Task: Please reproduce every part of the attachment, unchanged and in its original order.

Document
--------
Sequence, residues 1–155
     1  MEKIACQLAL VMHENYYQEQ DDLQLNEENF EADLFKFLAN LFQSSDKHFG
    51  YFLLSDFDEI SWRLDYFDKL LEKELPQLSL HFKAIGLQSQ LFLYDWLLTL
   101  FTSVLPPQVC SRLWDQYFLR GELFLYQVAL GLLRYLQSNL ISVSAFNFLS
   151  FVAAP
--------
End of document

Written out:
Sequence, residues 1–155
     1  MEKIACQLAL VMHENYYQEQ DDLQLNEENF EADLFKFLAN LFQSSDKHFG
    51  YFLLSDFDEI SWRLDYFDKL LEKELPQLSL HFKAIGLQSQ LFLYDWLLTL
   101  FTSVLPPQVC SRLWDQYFLR GELFLYQVAL GLLRYLQSNL ISVSAFNFLS
   151  FVAAP